1940 was a banner year for the introduction of long-lived comic book characters: the Spirit, the Flash, Robin, the Joker, Hawkman & Hawkgirl, Green Lantern, the Justice Society of America, and many more first appeared in that year. This year has already seen 75th anniversary celebrations for a number of them, including my personal favorite: the original Captain Marvel!
It’s been a pretty good year for the good Captain, beginning with Grant Morrison & Cameron Stewart‘s Thunderworld Adventures (featuring nicely updated Marvels in the standout chapter of Morrison’s Multiversity miniseries) and culminating with the recent Convergence: Shazam! two-parter pitting the Marvel Family against the Gotham by Gaslight Batman. Jeff Parker and Evan “Doc” Shaner really knocked the ball out of the park with those issues featuring the classic version of the characters, and I enjoyed all the behind-the-scenes sketches that Shaner has posted, too. DC really should give that pair (along with colorist Jordie Bellaire) the blank check for more Captain Marvel material; it would be a much better investment of time and energy than anything “New 52 Shazam”-related!
Now I admit, I may have a biased love for the original Captain Marvel, but, like so many of the New 52 reboots, that Shazam just felt like an “Elseworlds” version of the character. They may look (kinda) like the real character, have the same name (well, not so much, in this case) as them, but act totally different. That Shazam lacks all the charm of the original– or even later well-handled– versions of the characters. The Marvel Family has all the potential to be great counter-programming to the dark and serious tone that dominates so much superhero output these days, and in both Thunderworld and Convergence, the characters lived up to that potential, with Captain Marvel standing tall as the main hero in his own universe, able to shine in a way he can’t when he’s being forced to play second fiddle to Superman in a shared universe.
So given these two recent triumphs for the character, I had high hopes for Shazam! A Celebration of 75 Years (DC, 2015). Sadly, much like the inconsistent treatment of the character over those years, the book was a mixed bag that wasn’t allowed to live up to its potential.
The first section (“The Big Red Cheese”) featured 120 pages of Fawcett-era stories. Given how little of this large body of content has been reprinted, I love to read it whenever I can. I particularly enjoyed reading two chapters of the original “Monster Society of Evil” serial. The stories in this section gave some attention to all of the Marvels (including Uncle Dudley and Hoppy), yet, sadly, neglected Mr. Tawky Tawny entirely. It also included both the original and retold versions of the origins of the Captain and Mary Marvel, space which would have been well-served with an appearance by everyone’s favorite talking tiger!
“Cancellation and revival” opened, oddly, with a story that doesn’t feature Captain Marvel, at all! Superman #276 featured Captain Thunder, an ersatz version of the real deal. Its inclusion is doubly odd because it was apparently published after Shazam! #1 began DC’s use of the character. This section features some nice Shazam! material, including that first issue and a beautifully-drawn Don Newton story … but also one of the stories modeled on the 1970s Saturday morning show, yet another origin retelling, and DC Comics Presents #49 (which was reprinted in a trade edition just two years ago). A truncated version of L.E.G.I.O.N. #31 also appears, though it really belongs in…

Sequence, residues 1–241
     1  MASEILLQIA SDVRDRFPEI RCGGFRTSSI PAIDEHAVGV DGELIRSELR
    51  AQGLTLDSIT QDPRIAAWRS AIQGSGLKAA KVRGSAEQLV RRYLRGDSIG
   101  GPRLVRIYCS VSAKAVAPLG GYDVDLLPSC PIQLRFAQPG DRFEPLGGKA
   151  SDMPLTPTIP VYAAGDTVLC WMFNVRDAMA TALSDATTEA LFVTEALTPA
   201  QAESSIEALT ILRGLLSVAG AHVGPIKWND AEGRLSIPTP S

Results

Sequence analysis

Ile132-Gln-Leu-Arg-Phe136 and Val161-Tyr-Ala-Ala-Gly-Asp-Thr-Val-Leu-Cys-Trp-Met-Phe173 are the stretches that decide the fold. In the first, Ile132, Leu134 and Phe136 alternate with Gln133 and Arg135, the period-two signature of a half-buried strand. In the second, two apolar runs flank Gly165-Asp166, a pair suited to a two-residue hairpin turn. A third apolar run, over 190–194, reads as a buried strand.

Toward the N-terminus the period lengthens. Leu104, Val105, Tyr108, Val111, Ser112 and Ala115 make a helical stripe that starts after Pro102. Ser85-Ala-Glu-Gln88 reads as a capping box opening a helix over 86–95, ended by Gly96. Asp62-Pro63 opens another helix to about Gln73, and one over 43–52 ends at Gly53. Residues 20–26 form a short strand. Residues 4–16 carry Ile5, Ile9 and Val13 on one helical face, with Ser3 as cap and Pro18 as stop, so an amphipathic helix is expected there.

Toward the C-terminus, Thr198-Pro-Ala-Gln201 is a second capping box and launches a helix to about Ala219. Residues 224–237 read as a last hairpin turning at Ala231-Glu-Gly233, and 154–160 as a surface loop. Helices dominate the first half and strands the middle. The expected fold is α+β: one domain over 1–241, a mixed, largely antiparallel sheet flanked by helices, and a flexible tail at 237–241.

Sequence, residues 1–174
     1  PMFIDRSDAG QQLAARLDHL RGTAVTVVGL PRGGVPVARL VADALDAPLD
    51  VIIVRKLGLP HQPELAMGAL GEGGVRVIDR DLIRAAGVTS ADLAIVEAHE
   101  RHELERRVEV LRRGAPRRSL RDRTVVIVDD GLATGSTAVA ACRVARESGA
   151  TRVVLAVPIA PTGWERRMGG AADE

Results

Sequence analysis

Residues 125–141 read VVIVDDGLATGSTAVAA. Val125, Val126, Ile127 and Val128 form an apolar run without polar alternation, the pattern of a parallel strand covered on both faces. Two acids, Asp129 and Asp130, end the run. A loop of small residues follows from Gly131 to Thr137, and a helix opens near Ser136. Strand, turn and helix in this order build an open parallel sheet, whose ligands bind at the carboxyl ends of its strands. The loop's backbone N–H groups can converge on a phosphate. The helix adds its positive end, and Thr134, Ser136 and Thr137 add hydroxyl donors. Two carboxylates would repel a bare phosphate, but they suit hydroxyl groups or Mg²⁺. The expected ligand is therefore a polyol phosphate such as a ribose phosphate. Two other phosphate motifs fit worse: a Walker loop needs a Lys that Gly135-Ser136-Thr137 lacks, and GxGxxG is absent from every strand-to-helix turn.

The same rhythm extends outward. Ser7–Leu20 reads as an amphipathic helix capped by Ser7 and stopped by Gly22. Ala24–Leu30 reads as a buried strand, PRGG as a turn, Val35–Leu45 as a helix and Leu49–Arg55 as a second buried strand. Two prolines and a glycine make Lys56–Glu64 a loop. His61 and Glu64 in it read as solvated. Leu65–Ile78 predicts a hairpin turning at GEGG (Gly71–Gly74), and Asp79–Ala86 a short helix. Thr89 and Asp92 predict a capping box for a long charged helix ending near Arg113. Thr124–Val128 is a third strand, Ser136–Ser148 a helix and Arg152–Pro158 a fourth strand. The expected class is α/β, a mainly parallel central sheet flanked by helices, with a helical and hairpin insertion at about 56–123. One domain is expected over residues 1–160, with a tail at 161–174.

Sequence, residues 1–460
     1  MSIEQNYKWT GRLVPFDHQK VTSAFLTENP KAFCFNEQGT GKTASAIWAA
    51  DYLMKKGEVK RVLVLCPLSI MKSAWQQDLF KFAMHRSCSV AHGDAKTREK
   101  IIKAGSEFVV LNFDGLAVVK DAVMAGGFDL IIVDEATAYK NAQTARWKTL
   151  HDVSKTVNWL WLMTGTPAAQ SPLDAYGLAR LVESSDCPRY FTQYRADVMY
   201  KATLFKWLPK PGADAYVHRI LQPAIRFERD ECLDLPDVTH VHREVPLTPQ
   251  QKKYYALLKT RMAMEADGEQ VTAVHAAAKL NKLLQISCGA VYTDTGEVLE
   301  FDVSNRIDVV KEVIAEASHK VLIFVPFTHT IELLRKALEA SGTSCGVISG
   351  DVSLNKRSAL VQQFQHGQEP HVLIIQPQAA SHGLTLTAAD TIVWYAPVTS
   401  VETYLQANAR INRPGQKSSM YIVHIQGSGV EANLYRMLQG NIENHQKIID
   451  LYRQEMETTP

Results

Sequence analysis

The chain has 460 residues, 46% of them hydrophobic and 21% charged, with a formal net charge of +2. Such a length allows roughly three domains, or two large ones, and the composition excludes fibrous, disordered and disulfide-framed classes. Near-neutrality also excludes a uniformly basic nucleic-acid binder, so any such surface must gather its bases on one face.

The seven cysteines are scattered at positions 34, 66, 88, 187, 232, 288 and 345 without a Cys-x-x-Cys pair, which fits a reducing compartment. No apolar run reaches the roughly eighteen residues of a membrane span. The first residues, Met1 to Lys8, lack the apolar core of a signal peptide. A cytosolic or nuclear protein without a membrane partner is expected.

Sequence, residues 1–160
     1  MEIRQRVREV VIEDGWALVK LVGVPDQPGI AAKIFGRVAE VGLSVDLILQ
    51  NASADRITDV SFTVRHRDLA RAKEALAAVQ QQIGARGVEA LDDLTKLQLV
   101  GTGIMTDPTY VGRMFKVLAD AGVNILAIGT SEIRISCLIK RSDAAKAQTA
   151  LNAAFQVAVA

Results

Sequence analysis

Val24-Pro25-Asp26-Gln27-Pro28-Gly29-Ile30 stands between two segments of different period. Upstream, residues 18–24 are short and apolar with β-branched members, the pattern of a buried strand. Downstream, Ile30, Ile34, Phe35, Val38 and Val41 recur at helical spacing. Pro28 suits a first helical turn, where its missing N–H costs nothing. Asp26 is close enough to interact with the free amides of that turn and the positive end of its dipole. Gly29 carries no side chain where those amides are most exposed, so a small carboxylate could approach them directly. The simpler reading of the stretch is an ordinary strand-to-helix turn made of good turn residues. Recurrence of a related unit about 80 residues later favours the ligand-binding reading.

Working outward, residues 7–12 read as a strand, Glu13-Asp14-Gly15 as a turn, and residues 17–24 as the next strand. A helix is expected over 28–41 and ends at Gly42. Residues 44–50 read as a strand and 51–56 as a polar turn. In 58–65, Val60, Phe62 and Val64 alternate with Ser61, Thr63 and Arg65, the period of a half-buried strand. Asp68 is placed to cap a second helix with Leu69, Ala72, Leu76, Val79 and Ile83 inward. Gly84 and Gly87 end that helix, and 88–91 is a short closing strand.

Section three (“The World’s Mightiest Mortal”) showcases the Marvel Family as part of the wider DC universe, including yet another Superman comic, and two more truncated stories (given DC’s recent actions, it makes the conspiracy theorist in me wonder if “excerpts” are a loophole to avoid paying royalties). But on the plus side, one of those excerpts at least came from Jeff Smith‘s enjoyable “Monster Society of Evil” miniseries. Those disappointing editorial choices, however, are balanced with 70 pages of strong Jerry Ordway/Peter Krause Power of Shazam! material. Such strong material, in fact, that I won’t even begrudge the fact that 1/3 of it was also reprinted in 2008’s Greatest Shazam! Stories Ever Told collection.
As for the final section, “The New 52”, well … you don’t really need to hear my take on that again. If you do, just reread the third paragraph above.
So all in all, what should have been a real celebration of the Marvel family was just an uneven collection that really didn’t impress me that much. While the book contained a good amount of wonderful material, I was disappointed by how many instances of Captain Marvel teaming up with Superman were featured, how much of the material (nearly one half) had already been collected in other recent trade editions, and by the weirdly truncated story segments. Especially when at the expense of including such quality uncollected stories as the little-seen Ordway/Parobeck story that appeared between the Power of Shazam! graphic novel and series, any classic Tawky Tawny story, or the Franco/Baltazar/Norton stories from Billy Batson and the Magic of Shazam! (sadly, the strongest part of that series, and the only part not collected in a trade). It really felt like DC didn’t give the good Captain the treatment he deserved. Which could also be said about the treatment of the character for most of 40+ years that DC has been his caretaker.
Still, this 75th anniversary year is not yet over, and DC can still end it on a high note. My suggestions: a high-quality hardcover of the original “Monster Society of Evil” serial, a second Showcase volume reprinting the little-seen Don Newton stories from World’s Finest and Adventure Comics, and/or a new ongoing Parker/Shaner classic Captain Marvel series!
Ball’s in your court, DC…